Gladstone Gallery is pleased to announce an exhibition of works by the Italian artist Fausto Melotti. A consistent thread runs through his sculptures, drawings and ceramics in which discrete objects become both infinite and immaterial. The ceramic Teatrini of the1940s emerged from poetic sketches, which in turn evolved from earlier sculpture. In 1959 Melotti finally abandoned ceramics and turned to brass and metal wire, giving way to a new formal language.
A great lover of music, Melotti valued it above all other forms of art, which accounts for the unique rhythm in his work. Juxtaposing plaster, brass, chains and cloth, Melotti creates a new universe at times solid, yet ephemeral. The geometric construction of the Teatrini reference Mondrian’s horizontal and vertical structures and blocks of color. However, for Melotti these spaces house faint figures and objects in theatrical tableaux creating a world where abstract thought and lyric figuration intertwine. As the artist said: “With the Teatrini I did not abandon the rigorous idea of counterpoint, but rather wanted to create something that was at once figurative while situating it in an abstract and metaphysical milieu.”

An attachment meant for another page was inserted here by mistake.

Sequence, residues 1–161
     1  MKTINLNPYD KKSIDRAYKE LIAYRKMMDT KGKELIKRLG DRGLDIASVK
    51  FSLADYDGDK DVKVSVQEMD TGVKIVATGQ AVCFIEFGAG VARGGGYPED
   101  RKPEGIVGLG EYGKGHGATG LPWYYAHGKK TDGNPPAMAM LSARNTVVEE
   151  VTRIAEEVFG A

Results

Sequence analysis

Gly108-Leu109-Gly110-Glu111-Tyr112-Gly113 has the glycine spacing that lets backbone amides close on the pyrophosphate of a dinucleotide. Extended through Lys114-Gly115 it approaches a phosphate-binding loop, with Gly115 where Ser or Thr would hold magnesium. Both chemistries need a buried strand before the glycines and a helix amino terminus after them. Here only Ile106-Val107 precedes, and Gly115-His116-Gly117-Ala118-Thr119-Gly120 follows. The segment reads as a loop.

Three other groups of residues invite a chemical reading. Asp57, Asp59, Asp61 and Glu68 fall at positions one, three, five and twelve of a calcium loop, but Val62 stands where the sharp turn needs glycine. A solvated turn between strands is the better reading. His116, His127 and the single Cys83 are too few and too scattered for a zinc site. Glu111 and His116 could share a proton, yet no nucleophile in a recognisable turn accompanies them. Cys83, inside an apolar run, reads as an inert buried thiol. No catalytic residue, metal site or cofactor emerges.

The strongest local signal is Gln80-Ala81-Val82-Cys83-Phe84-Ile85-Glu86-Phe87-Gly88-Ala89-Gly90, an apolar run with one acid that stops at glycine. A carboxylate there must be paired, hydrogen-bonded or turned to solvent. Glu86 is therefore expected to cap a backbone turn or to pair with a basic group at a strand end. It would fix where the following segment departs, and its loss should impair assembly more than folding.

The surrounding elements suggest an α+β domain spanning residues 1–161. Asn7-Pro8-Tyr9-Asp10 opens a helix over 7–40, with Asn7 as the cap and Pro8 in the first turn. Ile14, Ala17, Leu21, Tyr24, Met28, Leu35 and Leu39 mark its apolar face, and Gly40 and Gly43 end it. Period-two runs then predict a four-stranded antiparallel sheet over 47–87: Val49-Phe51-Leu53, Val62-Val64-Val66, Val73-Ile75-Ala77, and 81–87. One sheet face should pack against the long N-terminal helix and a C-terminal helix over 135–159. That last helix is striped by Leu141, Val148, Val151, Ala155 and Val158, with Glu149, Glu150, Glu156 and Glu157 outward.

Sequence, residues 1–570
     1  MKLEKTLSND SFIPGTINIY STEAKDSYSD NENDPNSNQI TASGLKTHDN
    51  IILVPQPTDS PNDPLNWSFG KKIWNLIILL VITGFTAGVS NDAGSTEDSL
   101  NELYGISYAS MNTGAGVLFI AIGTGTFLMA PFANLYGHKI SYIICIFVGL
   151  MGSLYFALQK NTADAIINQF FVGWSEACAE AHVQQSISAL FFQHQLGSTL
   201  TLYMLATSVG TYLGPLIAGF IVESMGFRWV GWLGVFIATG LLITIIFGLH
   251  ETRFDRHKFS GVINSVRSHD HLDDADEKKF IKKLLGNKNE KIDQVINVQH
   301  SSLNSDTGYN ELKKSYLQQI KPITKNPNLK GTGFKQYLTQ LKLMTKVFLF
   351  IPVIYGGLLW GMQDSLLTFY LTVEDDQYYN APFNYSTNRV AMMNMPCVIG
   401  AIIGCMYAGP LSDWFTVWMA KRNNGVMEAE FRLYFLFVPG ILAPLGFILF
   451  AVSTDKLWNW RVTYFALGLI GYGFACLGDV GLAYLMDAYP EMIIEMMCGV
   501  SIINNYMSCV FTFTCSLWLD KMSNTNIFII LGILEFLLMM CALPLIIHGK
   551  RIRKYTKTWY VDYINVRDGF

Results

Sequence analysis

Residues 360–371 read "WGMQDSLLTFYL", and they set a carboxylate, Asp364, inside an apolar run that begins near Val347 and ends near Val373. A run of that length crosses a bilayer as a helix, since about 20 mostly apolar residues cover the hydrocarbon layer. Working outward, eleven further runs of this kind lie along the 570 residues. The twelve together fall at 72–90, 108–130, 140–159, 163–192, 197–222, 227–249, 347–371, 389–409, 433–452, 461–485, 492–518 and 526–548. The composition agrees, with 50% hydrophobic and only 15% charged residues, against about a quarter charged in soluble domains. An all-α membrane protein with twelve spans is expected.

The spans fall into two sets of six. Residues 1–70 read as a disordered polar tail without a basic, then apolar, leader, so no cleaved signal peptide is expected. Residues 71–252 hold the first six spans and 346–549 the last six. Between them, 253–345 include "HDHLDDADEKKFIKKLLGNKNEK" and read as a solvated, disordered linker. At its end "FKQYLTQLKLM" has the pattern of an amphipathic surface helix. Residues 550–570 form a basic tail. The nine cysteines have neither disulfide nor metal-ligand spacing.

Born in Rovereto to a musical family, Fausto Melotti (1901-1986) began studying music, mathematics and physics before enrolling at the prestigious Accademia di Belle Arti di Brera in Milan where he befriended fellow artist Lucio Fontana. His first exhibition was at the Galleria del Milione in Milan in 1935. The Museum am Ostwall Dortmund held the first retrospective of his work in 1971. He exhibited in both Italy and abroad up until his death. The1986 Venice Biennale opened with a major exhibition of Melotti’s work, earning him a posthumous Leone d’Oro.